Masters Theses

Date of Award


Degree Type


Degree Name

Master of Arts



Major Professor

Gregory L. Stuart

Committee Members

Todd Moore, Ralph Lydic


College populations evidenced an elevated risk of impaired sleep, with 60% of college students showing disturbed sleep patterns. While more sleep was correlated with better emotional and psychological functioning, sleep deprivation was associated with higher levels of perceived psychological distress. Not surprisingly, sleep impairment affects the capacity for emotion regulation. When examined in experimental, lab-based paradigms and cross-sectional survey studies, sleep impairment and emotion dysregulation was associated with violence perpetration, including intimate partner violence (IPV). It follows that sleep impairment may increase risk for IPV perpetration through its effects on emotion dysregulation. The current study aims to tested the hypothesis that impaired sleep promotes emotion dysregulation and IPV. Gender and site differences were also examined. The data obtained from students (n = 1018) at two universities, were analyzed using structural equation modeling. The results revealed significant paths from sleep quality to emotion dysregulation to psychological aggression perpetration and separately to physical assault perpetration. No site differences were evidenced and, as hypothesized, there were no gender differences. Findings expand current conceptualizations of IPV by the addition of sleep quality and emotion dysregulation in a single model. Support for the association between sleep impairment and emotion dysregulation within a mediation model for IPV suggested that both constructs may be potential points for intervention after the onset of IPV as well as for prevention efforts that would teach such skills prior to onset. Limitations regarding the sample and study design are discussed along with areas for future research.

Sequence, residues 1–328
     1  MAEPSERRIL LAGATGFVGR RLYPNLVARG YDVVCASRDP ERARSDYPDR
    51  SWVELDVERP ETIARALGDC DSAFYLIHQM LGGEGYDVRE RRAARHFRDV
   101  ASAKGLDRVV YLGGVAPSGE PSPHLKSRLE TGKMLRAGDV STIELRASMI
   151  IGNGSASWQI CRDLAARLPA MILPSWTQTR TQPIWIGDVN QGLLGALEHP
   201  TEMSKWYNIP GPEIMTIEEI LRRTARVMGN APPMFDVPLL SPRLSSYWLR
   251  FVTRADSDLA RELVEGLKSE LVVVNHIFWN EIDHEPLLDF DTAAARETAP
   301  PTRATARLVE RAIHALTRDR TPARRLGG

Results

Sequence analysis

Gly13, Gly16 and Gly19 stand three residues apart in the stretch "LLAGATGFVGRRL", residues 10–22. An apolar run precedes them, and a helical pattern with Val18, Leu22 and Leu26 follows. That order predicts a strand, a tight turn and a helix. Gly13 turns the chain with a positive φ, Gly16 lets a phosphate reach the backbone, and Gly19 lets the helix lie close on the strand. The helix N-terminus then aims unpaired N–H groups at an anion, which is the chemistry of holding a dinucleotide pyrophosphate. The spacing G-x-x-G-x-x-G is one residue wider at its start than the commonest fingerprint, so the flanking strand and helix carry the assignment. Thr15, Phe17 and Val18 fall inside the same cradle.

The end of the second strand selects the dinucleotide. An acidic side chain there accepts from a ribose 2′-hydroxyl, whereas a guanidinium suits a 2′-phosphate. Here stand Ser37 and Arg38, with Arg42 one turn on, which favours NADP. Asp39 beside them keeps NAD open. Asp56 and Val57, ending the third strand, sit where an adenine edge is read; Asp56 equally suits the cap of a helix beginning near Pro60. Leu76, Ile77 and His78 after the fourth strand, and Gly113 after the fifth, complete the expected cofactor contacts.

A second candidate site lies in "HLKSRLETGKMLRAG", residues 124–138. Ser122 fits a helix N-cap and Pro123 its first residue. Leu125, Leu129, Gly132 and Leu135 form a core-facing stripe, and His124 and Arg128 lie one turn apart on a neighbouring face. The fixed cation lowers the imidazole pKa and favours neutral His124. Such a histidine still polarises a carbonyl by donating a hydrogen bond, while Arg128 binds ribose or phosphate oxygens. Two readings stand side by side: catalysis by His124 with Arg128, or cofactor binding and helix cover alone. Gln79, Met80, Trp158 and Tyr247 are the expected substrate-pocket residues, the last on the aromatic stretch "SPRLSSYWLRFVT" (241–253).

Available for download on Thursday, May 15, 2025

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